Physical exercise is important for all of us and there are many ways to incorporate that into one’s life. Joining a team, walking the dog or jogging three times a week are all reasonable options. But then what about core strength? Or flexibility? I attend an exercise class with a funny friend who rightfully points out that we could do all that exercise stuff at home. There is nothing stopping us from keeping weights in the car to do bicep curls at stoplights or from hitting the kitchen floor to do abdominal crunches while the pasta water boils. But we don’t. And so we go to class.

Besides, while doing crunches on the kitchen floor I would see the debris under the fridge and be reminded of the rotational home cleaning suggestion to move the fridge out monthly to clean under it. My Mom takes it a step further and vacuums the coolant coils at the back of her fridge. I am just sort of hoping we don’t have those coil things behind ours. Some people vacuum inside and under furniture regularly but that can safely be left off The Most Important list and transferred to the Non-Dangerous Things to Occasionally Be Embarrassed By list.

Sometimes high priorities are made clear by events around us. The devastation and suffering seen in Haiti after the earthquake of 2010 motivated me to get a survival kit for our family. The earthquake preparedness tactic of obtaining “an item-a-week until complete” is a fantastic plan but not for the impatient or those coping poorly in other areas of their life. So I splurged and bought a huge ready-made kit for our family plus one, to include the kid who will probably be over when the big one strikes. But now the clever company that supplied this kit contacts me regularly about updates and replacements! I have since made the executive decision not to update. So if, God forbid, your child is with us while we are stranded without assistance after a large natural disaster I am just saying straight up that his nutrition bars will probably be stale.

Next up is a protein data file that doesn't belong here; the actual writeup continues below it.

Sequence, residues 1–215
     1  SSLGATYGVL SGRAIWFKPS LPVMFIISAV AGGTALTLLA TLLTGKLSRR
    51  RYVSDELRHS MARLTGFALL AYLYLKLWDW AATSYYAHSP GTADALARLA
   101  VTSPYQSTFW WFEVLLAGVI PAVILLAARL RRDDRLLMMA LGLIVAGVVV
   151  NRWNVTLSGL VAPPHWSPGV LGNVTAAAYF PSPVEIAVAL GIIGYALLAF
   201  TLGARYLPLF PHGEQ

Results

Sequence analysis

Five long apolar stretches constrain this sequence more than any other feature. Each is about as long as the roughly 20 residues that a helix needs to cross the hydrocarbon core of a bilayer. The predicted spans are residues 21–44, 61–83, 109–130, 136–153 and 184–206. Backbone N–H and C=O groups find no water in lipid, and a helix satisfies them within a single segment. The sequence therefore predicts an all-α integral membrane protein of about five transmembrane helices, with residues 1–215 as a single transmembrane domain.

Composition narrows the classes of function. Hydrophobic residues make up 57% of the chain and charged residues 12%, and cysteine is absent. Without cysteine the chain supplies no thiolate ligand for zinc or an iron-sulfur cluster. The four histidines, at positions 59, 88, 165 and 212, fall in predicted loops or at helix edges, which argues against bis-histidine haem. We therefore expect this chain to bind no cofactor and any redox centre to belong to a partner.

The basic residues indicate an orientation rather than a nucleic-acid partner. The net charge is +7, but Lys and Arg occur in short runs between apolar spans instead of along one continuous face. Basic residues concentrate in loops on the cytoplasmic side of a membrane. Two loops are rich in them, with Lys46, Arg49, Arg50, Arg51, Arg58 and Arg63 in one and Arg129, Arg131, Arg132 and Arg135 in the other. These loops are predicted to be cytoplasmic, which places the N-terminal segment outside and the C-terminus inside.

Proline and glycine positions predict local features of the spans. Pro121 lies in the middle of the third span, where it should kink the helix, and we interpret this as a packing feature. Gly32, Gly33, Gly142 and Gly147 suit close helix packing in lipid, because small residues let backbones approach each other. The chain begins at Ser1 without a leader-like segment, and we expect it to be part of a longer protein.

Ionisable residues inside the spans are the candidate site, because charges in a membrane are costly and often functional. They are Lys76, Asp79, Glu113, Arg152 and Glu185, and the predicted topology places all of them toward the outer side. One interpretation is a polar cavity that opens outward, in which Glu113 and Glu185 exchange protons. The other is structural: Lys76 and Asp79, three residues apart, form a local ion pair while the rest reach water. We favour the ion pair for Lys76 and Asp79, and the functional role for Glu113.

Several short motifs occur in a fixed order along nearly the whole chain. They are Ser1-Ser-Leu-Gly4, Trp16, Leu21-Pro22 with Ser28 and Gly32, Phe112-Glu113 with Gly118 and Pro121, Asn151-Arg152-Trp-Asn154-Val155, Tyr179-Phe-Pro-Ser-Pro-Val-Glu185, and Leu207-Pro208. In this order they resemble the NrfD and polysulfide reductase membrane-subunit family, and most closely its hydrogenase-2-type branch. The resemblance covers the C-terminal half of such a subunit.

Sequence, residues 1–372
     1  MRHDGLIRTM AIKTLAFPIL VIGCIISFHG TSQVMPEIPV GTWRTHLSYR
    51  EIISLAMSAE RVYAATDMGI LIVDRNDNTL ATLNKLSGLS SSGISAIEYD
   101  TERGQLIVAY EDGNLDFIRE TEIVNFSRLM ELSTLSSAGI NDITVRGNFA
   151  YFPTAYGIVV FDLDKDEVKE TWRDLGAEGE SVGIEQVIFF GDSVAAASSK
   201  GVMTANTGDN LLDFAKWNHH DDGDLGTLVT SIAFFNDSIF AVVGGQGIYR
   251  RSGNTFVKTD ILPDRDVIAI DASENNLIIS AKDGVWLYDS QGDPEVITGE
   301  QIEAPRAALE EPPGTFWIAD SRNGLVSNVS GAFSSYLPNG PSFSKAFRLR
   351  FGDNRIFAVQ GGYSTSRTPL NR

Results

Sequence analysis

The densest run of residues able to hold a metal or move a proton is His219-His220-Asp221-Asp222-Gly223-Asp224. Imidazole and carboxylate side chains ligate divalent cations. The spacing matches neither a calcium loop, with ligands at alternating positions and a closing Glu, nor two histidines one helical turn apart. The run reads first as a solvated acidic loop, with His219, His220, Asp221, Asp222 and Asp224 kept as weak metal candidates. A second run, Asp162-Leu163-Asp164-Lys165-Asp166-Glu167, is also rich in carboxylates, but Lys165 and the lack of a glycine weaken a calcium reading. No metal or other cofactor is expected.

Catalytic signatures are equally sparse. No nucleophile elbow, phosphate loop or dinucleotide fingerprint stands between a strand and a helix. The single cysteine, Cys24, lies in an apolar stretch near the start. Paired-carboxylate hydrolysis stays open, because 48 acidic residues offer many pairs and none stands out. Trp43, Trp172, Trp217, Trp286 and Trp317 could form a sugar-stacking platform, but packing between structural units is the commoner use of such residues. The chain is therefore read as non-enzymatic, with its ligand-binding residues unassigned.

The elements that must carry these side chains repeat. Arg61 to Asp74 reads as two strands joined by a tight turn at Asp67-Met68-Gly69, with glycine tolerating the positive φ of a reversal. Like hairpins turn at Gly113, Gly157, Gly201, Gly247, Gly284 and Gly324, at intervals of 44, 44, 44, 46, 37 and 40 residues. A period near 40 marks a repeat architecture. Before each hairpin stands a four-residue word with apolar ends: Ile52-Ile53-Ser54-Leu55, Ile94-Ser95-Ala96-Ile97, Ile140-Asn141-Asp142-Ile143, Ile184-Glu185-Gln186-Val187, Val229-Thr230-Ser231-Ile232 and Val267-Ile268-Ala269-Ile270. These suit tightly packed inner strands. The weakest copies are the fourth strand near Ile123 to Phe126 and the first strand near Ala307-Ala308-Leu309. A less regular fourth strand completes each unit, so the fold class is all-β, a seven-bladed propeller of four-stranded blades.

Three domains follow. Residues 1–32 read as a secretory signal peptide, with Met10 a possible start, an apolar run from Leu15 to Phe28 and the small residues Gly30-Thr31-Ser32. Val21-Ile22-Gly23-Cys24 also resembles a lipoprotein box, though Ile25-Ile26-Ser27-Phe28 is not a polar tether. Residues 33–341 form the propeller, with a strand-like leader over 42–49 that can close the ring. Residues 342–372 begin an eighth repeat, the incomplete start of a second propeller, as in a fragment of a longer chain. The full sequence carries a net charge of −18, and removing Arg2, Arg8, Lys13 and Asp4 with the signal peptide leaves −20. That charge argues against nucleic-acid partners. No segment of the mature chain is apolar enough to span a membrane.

There are routine jobs that exist in a number of categories of life that just need to be randomly scheduled regardless of everything else. Pick a date, put it on your schedule and force yourself to get it done. Book an oil change. Get the dog vaccinated. Change the furnace filters so they do not look like felt pads when the furnace man comes. Book the furnace man.